Diffuse light and wheat radiation-use efficiency in a controlled environment.

F. Tubiello, T. Volk, B. Bugbee

Research output: Contribution to journalArticle

Abstract

Radiation-use efficiency (dry matter produced per unit absorbed radiation) of a spring wheat (Triticum aestivum L., cv. Veery-10) was 40% higher in controlled growth chamber experiments than under optimal field conditions. Simulations with CERES-Wheat, a field model modified to account for growth chamber conditions, suggest that the observed increase in radiation-use efficiency was due to the large fraction of diffuse light in the experimental chamber. Under optimal conditions in the field, the highest crop growth rates occur when the daily photosynthetic photon flux (PPF) is at its highest levels (50-60 mol m-2 d-1). However, these high growth rates do not appear to be associated with the highest radiation-use efficiency. High PPF levels in the field occur on clear days when the fraction of direct radiation is high and the diffuse fraction is low. In controlled environments with reflective walls, high PPF levels with a large fraction of diffuse radiation can be obtained. Diffuse radiation penetrates to the lower leaves of a canopy better than direct radiation, with the result that the upper leaves are less light saturated and the lower leaves receive more light, increasing radiation-use efficiency, and thus growth rates. The data and model simulations presented here suggest that when diffuse light is a high fraction of the total PPF crop productivity can exceed the highest values attainable in the field under optimal conditions.

Original languageEnglish (US)
Pages (from-to)77-85
Number of pages9
JournalLife support & biosphere science : international journal of earth space
Volume4
Issue number1-2
StatePublished - 1997

Fingerprint

Controlled Environment
Triticum
Radiation
Light
Photons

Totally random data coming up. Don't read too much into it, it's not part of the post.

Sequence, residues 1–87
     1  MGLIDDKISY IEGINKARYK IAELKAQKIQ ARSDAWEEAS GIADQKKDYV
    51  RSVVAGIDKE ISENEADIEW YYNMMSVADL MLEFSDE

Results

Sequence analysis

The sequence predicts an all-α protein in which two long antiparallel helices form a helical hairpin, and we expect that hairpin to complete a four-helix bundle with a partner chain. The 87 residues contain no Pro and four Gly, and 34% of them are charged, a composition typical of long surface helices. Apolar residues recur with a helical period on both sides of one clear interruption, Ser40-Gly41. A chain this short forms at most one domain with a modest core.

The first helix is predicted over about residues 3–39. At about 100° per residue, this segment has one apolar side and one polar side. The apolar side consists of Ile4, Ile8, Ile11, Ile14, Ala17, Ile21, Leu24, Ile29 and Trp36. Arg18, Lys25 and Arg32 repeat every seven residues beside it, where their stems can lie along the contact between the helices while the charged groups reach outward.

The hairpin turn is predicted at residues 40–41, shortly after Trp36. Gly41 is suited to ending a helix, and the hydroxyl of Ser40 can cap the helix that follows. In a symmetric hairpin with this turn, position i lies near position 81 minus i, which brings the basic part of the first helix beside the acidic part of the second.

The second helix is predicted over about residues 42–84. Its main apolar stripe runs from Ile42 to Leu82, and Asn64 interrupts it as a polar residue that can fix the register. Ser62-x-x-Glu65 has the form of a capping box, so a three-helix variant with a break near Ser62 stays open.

Growth

Cite this

Diffuse light and wheat radiation-use efficiency in a controlled environment. / Tubiello, F.; Volk, T.; Bugbee, B.

In: Life support & biosphere science : international journal of earth space, Vol. 4, No. 1-2, 1997, p. 77-85.

Research output: Contribution to journalArticle

@article{dbc36d21eace44f5ac3d5516f8491127,
title = "Diffuse light and wheat radiation-use efficiency in a controlled environment.",
abstract = "Radiation-use efficiency (dry matter produced per unit absorbed radiation) of a spring wheat (Triticum aestivum L., cv. Veery-10) was 40{\%} higher in controlled growth chamber experiments than under optimal field conditions. Simulations with CERES-Wheat, a field model modified to account for growth chamber conditions, suggest that the observed increase in radiation-use efficiency was due to the large fraction of diffuse light in the experimental chamber. Under optimal conditions in the field, the highest crop growth rates occur when the daily photosynthetic photon flux (PPF) is at its highest levels (50-60 mol m-2 d-1). However, these high growth rates do not appear to be associated with the highest radiation-use efficiency. High PPF levels in the field occur on clear days when the fraction of direct radiation is high and the diffuse fraction is low. In controlled environments with reflective walls, high PPF levels with a large fraction of diffuse radiation can be obtained. Diffuse radiation penetrates to the lower leaves of a canopy better than direct radiation, with the result that the upper leaves are less light saturated and the lower leaves receive more light, increasing radiation-use efficiency, and thus growth rates. The data and model simulations presented here suggest that when diffuse light is a high fraction of the total PPF crop productivity can exceed the highest values attainable in the field under optimal conditions.",